The Neal-Marshall Black Culture Center hosted “Coming Back Home” on Sunday Sept. 12. This event was to symbolize the collective efforts to reclaim both the literal and figurative space that is the Neal-Marshall and all that it represents for the Black community in Bloomington, according to the Neal-Marshall website.
Director of the Neal-Marshall, Gloria Howell, said it was important for the Neal-Marshall to have this program because it gives the Black IU community a place to enjoy again.
“We miss everybody,” Howell said. “We know that we have been away physically from the building, so this is a symbolic program to open the Neal-Marshall and all that it means to anyone who walks through these doors.”
She also shared her plans to make this a recurring event for the Neal-Marshall to welcome everyone to the space.
The program featured words from Black faculty, staff and student leaders. Monica Johnson, assistant vice president for diversity education and cross-cultural engagement, shared greetings for everyone.
“This feels like coming back home,” Johnson said. “It is an honor to be loved by this space. It is a blessing to have a place like this on campus for people to call home, because not a lot of people have the privilege of having this space at a predominantly white institution. Post-COVID, it is still home.”
The event recognized those who have passed on with a moment of silence. Those who were recognized were loved ones, Black celebrities and those who lost their lives due to police brutality and racially motivated crimes.
Maria Hamilton Abegunde, assistant professor for the African American African Diaspora Studies department, called for the audience to listen to the wind around them.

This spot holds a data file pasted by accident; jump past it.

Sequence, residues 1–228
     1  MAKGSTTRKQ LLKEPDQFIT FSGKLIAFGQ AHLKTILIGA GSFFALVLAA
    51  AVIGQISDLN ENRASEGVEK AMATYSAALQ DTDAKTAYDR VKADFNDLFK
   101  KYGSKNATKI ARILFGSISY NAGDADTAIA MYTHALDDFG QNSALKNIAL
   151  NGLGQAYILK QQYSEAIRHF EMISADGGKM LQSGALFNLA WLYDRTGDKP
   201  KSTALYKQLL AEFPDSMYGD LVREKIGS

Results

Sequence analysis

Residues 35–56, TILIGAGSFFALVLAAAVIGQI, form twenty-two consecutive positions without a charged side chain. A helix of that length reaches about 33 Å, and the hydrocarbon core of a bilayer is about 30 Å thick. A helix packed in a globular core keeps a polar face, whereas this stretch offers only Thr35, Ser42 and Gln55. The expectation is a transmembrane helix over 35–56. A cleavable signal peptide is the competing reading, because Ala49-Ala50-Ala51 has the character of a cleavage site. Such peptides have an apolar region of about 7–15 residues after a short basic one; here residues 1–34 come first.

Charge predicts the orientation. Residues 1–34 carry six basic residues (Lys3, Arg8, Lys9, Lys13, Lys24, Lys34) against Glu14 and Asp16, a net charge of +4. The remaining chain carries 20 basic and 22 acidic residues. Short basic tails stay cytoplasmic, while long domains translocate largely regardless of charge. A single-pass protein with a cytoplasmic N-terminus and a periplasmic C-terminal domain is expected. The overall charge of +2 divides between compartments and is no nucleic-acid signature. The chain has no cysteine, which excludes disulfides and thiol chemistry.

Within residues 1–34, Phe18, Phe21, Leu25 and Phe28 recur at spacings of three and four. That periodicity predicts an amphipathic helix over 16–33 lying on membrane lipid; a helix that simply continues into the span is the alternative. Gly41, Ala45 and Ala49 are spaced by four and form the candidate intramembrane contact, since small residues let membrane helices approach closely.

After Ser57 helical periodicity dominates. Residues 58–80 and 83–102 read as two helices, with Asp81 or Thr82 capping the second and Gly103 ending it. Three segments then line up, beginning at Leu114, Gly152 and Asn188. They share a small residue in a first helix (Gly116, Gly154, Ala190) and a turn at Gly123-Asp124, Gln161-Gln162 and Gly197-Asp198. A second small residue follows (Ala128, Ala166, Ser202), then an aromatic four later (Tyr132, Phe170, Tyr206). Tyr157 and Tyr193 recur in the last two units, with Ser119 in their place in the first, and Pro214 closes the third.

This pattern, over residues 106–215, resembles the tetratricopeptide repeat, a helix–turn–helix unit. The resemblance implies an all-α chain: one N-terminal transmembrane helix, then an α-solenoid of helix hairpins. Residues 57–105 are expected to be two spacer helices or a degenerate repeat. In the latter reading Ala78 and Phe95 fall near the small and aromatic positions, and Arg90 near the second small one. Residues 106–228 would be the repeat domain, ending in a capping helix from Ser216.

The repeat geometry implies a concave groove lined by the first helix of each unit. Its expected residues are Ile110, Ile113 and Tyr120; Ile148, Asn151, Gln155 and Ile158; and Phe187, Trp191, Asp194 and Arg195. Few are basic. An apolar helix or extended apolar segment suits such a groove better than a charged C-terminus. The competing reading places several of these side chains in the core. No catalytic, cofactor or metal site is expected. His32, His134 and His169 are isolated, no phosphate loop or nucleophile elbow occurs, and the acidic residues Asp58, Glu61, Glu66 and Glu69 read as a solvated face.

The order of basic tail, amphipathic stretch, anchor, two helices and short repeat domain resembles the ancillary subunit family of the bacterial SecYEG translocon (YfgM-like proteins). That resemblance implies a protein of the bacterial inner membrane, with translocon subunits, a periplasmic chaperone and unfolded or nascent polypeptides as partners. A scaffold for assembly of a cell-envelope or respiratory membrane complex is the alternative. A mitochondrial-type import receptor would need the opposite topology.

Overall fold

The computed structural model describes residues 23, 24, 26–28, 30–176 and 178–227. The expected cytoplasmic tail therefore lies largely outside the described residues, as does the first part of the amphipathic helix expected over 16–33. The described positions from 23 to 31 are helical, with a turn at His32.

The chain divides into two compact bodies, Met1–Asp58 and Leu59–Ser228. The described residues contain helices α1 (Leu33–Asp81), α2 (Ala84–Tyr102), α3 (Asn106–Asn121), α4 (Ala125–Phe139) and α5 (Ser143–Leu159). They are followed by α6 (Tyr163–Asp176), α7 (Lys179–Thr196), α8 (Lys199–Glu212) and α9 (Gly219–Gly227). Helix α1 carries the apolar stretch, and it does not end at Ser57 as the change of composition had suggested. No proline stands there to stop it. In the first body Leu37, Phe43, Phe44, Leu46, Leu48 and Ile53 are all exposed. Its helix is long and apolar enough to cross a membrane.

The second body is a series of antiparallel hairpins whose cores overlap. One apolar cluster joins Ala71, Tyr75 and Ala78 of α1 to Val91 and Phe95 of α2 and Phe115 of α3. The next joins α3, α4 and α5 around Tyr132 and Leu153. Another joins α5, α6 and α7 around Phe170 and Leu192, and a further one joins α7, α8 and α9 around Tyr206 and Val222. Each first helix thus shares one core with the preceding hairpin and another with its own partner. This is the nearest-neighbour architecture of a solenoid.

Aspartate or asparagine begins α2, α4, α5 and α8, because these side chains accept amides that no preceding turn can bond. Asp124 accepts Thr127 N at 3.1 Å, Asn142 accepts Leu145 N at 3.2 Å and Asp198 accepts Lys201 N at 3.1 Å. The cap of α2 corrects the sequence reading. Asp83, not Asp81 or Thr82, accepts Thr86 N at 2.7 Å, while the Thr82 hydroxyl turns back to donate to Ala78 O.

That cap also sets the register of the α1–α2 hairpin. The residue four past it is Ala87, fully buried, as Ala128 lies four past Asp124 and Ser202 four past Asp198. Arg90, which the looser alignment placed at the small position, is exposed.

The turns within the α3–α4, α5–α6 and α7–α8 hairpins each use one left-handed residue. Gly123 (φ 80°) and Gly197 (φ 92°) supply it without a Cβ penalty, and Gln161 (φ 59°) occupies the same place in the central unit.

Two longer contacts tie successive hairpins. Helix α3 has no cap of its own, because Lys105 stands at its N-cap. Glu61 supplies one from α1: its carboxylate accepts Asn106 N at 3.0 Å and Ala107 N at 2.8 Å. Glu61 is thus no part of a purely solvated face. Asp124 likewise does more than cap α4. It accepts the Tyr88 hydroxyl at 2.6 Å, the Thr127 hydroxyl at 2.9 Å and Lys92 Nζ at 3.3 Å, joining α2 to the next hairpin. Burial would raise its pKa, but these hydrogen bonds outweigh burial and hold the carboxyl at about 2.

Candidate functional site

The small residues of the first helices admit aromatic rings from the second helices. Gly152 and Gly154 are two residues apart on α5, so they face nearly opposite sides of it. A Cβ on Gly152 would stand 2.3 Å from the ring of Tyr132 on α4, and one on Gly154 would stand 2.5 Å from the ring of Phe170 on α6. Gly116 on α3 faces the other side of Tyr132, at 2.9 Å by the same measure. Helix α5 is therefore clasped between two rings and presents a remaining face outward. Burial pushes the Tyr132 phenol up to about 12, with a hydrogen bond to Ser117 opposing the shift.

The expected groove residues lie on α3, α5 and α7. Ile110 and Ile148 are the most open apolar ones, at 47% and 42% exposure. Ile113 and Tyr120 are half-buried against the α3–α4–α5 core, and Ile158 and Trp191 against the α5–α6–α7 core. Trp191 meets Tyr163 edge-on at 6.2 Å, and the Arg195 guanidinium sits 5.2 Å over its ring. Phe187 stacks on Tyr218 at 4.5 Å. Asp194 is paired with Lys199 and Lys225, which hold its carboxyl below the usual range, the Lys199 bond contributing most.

“The wind is the breath of our ancestors,” Abegunde said. “Home is the Neal-Marshall, the African American Arts Institute, and the African American African Diaspora Studies department. This is home to the spirit and it keeps us thriving. It is home to help keep mind, body and spirit together. When I enter this place, this is a place where past, present and future come together.”
Tislam Swift, a graduate student at Jacobs School of Music, and Jude Richardson, an undergraduate student, performed a rendition of “My Soul Has Been Anchored in the Lord.”
After the musical performance, students of the Black IU community shared their excitement about the reopening of the Neal-Marshall.
President of the IU chapter of the N.A.A.C.P., Ramatou Soumare, talked about what it means to be back at the Neal-Marshall.
“It is important to know that we are here now, where some weren’t able to make it thus far,” Soumare said. “We are here as a resource. Get out of your comfort zone and continue to show up. Do not forget the importance and history of the Neal-Marshall.”
During the event, Tiera Howleit and Joa’Quinn Griffin were honored for their initiative in creating the Black Lives Matter mural painted on the street in front of the Neal-Marshall. The mural served as a place of unity for a community that is filled with individuals of multicultural backgrounds.
This event was able to bring together a community that has not been able to see one other in person for some time. The event highlighted prominent Black students working on campus and paid respect to those who lost their lives over the past year and a half.
The next event at the Neal-Marshall will be Umoja Day on Sept. 17.
Editor’s note: Tiera Howleit is a staff member at the Indiana Daily Student.